State of Texas: Stark contrasts as presidential candidates make their case to Texans

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This week, 20 Democratic candidates took the stage in Detroit for the second presidential debate. But you’re not likely to see all of them on stage for next month’s debate in Houston.

Candidates have to have 130,000 unique donors and at least 2 percent support in four national polls to qualify. So far, eight have qualified, including former El Paso Congressman Beto O’Rourke.

All candidates have until Aug. 28 to reach the benchmarks, but qualifying is only part of the challenge for the candidates.

Jason Johnson, chief political strategist for Sen. Ted Cruz’s 2016 presidential campaign, said the candidates will have to sell an increasingly progressive-leaning message, especially on climate, to Texans.

“The focus on climate change and it being an ‘existential threat’, and this idea of having ten years,” Johnson said.  “Hundreds of thousands of Texans work in the oil and gas industry…What does that mean for every Texan, and our economy?”

But Manny Garcia, executive director of the Texas Democratic Party, said skepticism is overblown as Texas is becoming an increasingly diverse producer of energy.

“To say ‘you’re going to lose these oil and gas jobs’, these are energy jobs and we’re seeing these increasingly diversified portfolios (with) some of the same companies leading in wind production,” Garcia said.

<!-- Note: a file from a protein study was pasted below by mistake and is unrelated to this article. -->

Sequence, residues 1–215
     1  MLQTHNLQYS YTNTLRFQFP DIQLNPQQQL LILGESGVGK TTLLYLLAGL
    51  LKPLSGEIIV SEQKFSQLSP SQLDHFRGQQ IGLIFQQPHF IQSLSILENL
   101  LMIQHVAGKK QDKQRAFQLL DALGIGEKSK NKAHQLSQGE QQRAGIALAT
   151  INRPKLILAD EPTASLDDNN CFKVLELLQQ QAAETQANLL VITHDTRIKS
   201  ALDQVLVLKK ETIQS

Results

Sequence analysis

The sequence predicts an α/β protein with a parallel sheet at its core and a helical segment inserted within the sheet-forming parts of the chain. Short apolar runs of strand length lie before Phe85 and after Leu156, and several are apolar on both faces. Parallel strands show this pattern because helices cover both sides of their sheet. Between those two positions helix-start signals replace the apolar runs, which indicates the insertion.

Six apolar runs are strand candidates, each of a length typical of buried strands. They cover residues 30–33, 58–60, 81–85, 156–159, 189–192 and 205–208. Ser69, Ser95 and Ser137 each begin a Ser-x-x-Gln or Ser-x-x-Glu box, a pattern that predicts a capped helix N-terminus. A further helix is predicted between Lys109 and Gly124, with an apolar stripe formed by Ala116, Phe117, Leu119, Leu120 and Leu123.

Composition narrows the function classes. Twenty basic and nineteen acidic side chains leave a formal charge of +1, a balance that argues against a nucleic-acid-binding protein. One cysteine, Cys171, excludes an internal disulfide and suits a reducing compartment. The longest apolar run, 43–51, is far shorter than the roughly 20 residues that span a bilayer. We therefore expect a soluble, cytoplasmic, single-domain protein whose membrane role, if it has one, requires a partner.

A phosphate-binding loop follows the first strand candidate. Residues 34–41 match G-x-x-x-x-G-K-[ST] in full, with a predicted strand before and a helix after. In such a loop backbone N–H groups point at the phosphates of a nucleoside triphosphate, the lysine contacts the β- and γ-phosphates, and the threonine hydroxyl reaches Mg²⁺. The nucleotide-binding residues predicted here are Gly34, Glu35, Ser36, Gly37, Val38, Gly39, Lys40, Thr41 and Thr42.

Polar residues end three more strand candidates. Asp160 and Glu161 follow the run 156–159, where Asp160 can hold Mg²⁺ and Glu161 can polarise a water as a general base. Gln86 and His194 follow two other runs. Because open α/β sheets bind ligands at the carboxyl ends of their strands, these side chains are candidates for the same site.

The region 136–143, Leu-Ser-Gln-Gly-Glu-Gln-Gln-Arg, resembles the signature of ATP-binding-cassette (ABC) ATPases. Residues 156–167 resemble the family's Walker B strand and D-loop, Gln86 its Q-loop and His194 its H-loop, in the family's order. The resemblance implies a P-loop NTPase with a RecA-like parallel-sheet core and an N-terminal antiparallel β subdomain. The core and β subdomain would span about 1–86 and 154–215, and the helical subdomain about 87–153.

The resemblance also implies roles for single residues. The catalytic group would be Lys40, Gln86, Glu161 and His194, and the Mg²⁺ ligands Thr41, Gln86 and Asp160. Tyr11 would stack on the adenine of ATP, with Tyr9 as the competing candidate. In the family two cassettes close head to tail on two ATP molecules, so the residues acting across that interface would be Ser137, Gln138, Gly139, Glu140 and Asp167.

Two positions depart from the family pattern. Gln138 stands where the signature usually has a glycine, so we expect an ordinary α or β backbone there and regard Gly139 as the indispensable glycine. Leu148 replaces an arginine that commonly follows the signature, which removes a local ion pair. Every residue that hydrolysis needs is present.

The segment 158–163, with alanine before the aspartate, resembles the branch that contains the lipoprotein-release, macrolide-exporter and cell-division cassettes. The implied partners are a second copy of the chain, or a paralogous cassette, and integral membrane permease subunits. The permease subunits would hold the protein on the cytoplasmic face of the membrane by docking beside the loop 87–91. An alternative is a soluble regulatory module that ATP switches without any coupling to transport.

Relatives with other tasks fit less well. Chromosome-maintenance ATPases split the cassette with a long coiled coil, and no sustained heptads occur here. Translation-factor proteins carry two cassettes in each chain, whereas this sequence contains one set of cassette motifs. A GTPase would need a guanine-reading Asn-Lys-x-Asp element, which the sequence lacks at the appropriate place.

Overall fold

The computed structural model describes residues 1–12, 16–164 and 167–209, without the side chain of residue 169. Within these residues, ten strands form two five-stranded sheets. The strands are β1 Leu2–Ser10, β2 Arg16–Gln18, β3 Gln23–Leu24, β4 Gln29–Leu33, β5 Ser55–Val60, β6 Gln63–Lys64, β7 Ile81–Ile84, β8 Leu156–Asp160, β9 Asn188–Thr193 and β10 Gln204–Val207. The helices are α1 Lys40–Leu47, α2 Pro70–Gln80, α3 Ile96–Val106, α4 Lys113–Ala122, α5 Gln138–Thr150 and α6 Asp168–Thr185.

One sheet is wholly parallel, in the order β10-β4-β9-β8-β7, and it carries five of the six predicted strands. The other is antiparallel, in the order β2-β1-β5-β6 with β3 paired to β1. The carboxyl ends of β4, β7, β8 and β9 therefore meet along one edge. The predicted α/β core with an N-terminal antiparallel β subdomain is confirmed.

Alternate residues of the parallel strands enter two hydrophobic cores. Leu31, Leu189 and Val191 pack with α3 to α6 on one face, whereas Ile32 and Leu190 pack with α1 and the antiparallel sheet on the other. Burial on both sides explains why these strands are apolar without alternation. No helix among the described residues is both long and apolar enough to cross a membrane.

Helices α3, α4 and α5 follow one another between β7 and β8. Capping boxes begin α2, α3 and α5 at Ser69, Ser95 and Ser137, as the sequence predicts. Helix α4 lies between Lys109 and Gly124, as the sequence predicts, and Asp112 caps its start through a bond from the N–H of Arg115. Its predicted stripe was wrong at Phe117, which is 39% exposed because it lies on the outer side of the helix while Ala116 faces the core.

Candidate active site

Policy views aside, Johnson commended the Democratic candidates for having substantive discussions on the issues.  Something he acknowledged his party lack at times in the 2016 election cycle.

“Unlike the Republican party from debates past, the issues are being fleshed out and a very bold contrast will be presented for the voters come November,” he said.

Democrats hit on an array of issues during the debates this week, with increased focus on the role of race in America. Candidates slammed recent comments from President Donald Trump telling four congresswomen of color to go back where they came from. 

Garcia said the Democratic candidates have a “moral obligation” to call Trump’s comments for what they were–racist.

“This isn’t about scoring cheap political points,” Garcia said.  “You look at this issue and you say: ‘do you speak truth to power?’ When the president of the United States is saying racist comments, we should call them what it is.”

But Johnson said the candidates’ jump to condemn Trump’s comments could come with political consequences, especially in the Lone Star State.

“You’re telling the millions of Texans who voted for Donald Trump that they too are, at worst racist, at best supporting a racist,”  Johnson said.

With over a year to go before the election, Garcia said Democrats need to stay on message, and regardless of the Trump-factor, prove their electability.

“This election is not won because of Donald Trump’s tweets, it’s not won because of outrage, it’s won because one party made a case to the American people and to Texans that ‘if you elect us, we will fundamentally change your life for the better’,” Garcia said. 

But Johnson said the Democrats’ message is already being heard loud and clear.

“The only debate that we continue to see is whether or not we want to turn every aspect of our economy and our lives over to the federal government immediately or gradually,” Johnson said.

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